• you can have a screen/tmux/… on sol[1-9] and qrsh from there
    • you can submit screen -D -m using qsub
      • look in ~straka/.screenrc for some defaults

Simple Array Job Example

The following script processes a Wikipedia file described in Assignments and returns sorted list of article names.

  • articles.sh (available in /net/data/npfl118/examples/)
#!/bin/bash

set -e

# Parse arguments
[ "$#" -ge 3 ] || { echo Usage: "$0 input_file outdir tasks [conc_tasks]" >&2;exit 1;}
input_file="$1"
output_dir="$2"
tasks="$3"
conc_tasks="$4"

# Check that input file exists and get its size
[ -f "$input_file" ] || { echo File $input_file does not exist >&2; exit 1; }

# Check that output dir does not exist and create it
[ -d "$output_dir" ] && { echo Directory $output_dir already exists >&2; exit 1;}
mkdir -p "$output_dir"

# Run distributed computations
qsub -cwd -b y -sync y -o "$output_dir" -e "$output_dir" -t 1-"$tasks" ${conc_tasks:+-tc $conc_tasks} \
  ./articles_distributed.sh "$tasks" "$input_file" "$output_dir"/articles.txt

# Merge all results
sort -m `seq -f "$output_dir/articles.txt.%g" 1 "$tasks"` > "$output_dir"/articles.txt
rm `seq -f "$output_dir/articles.txt.%g" 1 "$tasks"`
  • articles_distributed.sh (available in /net/data/npfl118/examples/)
#!/bin/bash

set -e

# Parse arguments
[ "$#" -ge 3 ] || { echo Usage: $0 total_tasks input output_file >&2; exit 1;}
tasks="$1"
input_file="$2"
output_file="$3"

# Parse SGE_TASK_ID and compute file offset
[ -n "$SGE_TASK_ID" ] || { echo Variable SGE_TASK_ID is not set >&2; exit 1; }
task="$SGE_TASK_ID"
output_file="$output_file.$task"

# Run computation outputting to temporary file
tmp_file="`mktemp`"
trap "rm -f \"$tmp_file\"" EXIT

split -n l/$task/$tasks "$input_file" | cut -f1 | sort > "$tmp_file"

# On success move temporary file to output
mv "$tmp_file" "$output_file"

GPUs

We give only a quick overview here, more detailed treatment of the GPU cluster can be found in ÚFAL wiki.

GPU jobs are scheduled as SGE jobs, but in a special gpu-ms.q queue. You need to specify how many GPUs and of what kind you want, using

  • -l gpu=3: ask for 3 GPUs on a single machine
  • -l gpu=1,gpu_ram=8G: ask for at least 8GB GPU
  • -l gpu=1,gpu_cc_min6.1=1: ask for a GPU with Cuda capability at least 6.1

During execution, CUDA_VISIBILE_DEVICES is set to the allocated GPUs. Note that qrsh jobs by default does not read the environment variables created by SGE, so you need to use qrsh -l ... -pty yes bash.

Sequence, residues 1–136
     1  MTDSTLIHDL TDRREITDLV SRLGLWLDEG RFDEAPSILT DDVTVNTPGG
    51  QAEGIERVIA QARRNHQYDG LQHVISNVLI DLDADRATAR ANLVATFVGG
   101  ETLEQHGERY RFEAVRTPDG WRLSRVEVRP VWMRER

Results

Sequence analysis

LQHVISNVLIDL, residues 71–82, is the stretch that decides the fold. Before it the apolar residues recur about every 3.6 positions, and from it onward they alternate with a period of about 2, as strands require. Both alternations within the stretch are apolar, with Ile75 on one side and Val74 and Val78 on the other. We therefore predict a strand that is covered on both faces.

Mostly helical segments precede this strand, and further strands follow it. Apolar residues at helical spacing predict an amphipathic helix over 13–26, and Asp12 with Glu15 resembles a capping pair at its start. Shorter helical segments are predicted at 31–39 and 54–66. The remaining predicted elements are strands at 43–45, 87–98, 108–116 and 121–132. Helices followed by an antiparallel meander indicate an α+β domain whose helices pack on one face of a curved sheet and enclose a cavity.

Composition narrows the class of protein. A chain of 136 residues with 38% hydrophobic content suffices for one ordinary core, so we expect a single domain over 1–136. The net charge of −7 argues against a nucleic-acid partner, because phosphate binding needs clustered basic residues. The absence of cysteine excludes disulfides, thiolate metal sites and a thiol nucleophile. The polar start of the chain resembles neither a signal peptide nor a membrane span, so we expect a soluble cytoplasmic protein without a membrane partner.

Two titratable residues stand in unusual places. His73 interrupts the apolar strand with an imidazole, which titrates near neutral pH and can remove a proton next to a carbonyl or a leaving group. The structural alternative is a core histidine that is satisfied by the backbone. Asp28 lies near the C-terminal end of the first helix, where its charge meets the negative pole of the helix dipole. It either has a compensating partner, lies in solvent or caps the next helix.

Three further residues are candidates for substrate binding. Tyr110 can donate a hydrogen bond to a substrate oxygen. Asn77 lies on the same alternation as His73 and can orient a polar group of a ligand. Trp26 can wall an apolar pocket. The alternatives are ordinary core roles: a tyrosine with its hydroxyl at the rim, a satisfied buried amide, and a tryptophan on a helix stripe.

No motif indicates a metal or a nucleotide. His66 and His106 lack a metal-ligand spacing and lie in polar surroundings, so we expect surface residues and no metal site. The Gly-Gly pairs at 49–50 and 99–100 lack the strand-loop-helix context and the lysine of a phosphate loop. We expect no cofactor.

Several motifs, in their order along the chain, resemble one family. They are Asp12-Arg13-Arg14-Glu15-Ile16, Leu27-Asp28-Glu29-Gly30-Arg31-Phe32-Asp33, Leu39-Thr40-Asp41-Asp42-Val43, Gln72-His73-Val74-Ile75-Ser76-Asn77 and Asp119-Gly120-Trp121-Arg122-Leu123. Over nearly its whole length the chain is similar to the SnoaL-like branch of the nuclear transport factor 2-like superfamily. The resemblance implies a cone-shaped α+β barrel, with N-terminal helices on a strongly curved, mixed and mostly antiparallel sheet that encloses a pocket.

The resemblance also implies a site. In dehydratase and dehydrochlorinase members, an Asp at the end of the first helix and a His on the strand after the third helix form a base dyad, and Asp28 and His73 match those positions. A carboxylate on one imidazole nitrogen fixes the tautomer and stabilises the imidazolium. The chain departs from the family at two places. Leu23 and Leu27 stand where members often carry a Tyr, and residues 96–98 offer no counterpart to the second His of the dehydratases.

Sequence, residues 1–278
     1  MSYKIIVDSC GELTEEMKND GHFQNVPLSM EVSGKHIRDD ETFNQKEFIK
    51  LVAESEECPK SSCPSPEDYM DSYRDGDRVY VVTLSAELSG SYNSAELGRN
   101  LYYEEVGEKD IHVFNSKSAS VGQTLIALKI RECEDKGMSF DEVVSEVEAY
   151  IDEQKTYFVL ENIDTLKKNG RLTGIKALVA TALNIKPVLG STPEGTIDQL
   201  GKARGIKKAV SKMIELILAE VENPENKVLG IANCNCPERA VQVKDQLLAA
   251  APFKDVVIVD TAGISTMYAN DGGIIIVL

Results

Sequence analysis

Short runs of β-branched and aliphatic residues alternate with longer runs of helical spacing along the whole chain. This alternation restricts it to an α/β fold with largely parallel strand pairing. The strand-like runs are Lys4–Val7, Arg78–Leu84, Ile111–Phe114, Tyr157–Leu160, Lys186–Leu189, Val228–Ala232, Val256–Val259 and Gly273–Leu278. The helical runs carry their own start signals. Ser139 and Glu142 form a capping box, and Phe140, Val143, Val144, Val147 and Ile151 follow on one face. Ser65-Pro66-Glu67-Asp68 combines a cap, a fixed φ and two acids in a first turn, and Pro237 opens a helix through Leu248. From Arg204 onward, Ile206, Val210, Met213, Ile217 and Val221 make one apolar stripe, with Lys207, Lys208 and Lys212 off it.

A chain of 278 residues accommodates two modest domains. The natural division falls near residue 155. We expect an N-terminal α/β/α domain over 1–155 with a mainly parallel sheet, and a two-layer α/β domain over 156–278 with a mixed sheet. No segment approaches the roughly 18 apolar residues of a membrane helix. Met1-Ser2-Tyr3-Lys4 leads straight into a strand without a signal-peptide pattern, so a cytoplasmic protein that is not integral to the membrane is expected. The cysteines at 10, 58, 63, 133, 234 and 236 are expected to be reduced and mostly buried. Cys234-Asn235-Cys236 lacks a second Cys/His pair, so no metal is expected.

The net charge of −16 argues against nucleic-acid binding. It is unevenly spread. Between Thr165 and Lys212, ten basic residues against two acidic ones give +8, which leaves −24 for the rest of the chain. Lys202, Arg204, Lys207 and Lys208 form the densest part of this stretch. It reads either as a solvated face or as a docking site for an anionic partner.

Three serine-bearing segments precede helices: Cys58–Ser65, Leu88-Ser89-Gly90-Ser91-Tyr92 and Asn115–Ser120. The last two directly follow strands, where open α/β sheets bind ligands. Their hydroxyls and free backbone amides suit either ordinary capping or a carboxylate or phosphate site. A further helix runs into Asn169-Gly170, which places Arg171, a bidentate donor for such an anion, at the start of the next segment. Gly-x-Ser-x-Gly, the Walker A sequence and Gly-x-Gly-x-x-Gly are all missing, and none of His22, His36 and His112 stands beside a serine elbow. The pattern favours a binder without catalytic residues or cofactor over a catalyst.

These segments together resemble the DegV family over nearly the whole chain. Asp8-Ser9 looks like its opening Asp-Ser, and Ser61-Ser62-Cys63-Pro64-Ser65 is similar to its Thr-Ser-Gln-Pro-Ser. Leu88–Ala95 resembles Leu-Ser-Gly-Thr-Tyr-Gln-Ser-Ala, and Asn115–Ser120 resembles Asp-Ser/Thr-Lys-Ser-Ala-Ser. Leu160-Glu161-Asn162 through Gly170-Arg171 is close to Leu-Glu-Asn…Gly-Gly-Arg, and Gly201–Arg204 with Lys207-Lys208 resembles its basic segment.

Then, you need a framework which can use the GPU, and you also need to set paths correctly. To use for example CUDA 9.0 and cuDNN 7.0 (which is a good default as of Nov 2018), use

  • export LD_LIBRARY_PATH=$LD_LIBRARY_PATH:/opt/cuda/9.0/lib64:/opt/cuda/9.0/cudnn/7.0/lib64

Spark is a framework for distributed computations. Natively it works in Python, Scala and Java.

Apart from embarrassingly parallel computations, Spark framework is suitable for in-memory and/or iterative computations, making it suitable even for machine learning and complex data processing. The Spark framework can run either locally using one thread, locally using multiple threads or in a distributed fashion.

Initialization

You need to add the following to your .profile (or other suitable place):

export PATH="/net/projects/spark/bin:/net/projects/spark/sge:$PATH"

Running

An interactive ipython shell can be started using

PYSPARK_DRIVER_PYTHON=ipython pyspark

Such shell will use current cluster, starting a local cluster with as many threads as cores.

To create a distributed cluster using SGE, you can run one of the following commands:

  • spark-qrsh workers memory_per_worker: start Spark cluster and run qrsh inside it
  • spark-qsub workers memory_per_worker command [arguments...]: start Spark cluster and execute the given command inside it

Example

Start by running spark-qrsh 50 1G. When the cluster starts, it prints a URL where it can be monitored. After the cluster starts, execute PYSPARK_DRIVER_PYTHON=ipython pyspark.

Then, try running the following:

(sc.textFile("/net/data/npfl118/wiki/en/wiki.txt", 3*sc.defaultParallelism)
   .flatMap(lambda line: line.split())
   .map(lambda word: (word, 1))
   .reduceByKey(lambda c1, c2: c1 + c2)
   .sortBy(lambda word_count: word_count[1], ascending=False)
   .take(10))

Running a Script

To execute a script instead of running from an interactive shell, you need to create the SparkContext manually:

  • word_count.py (available in /net/data/npfl118/examples/)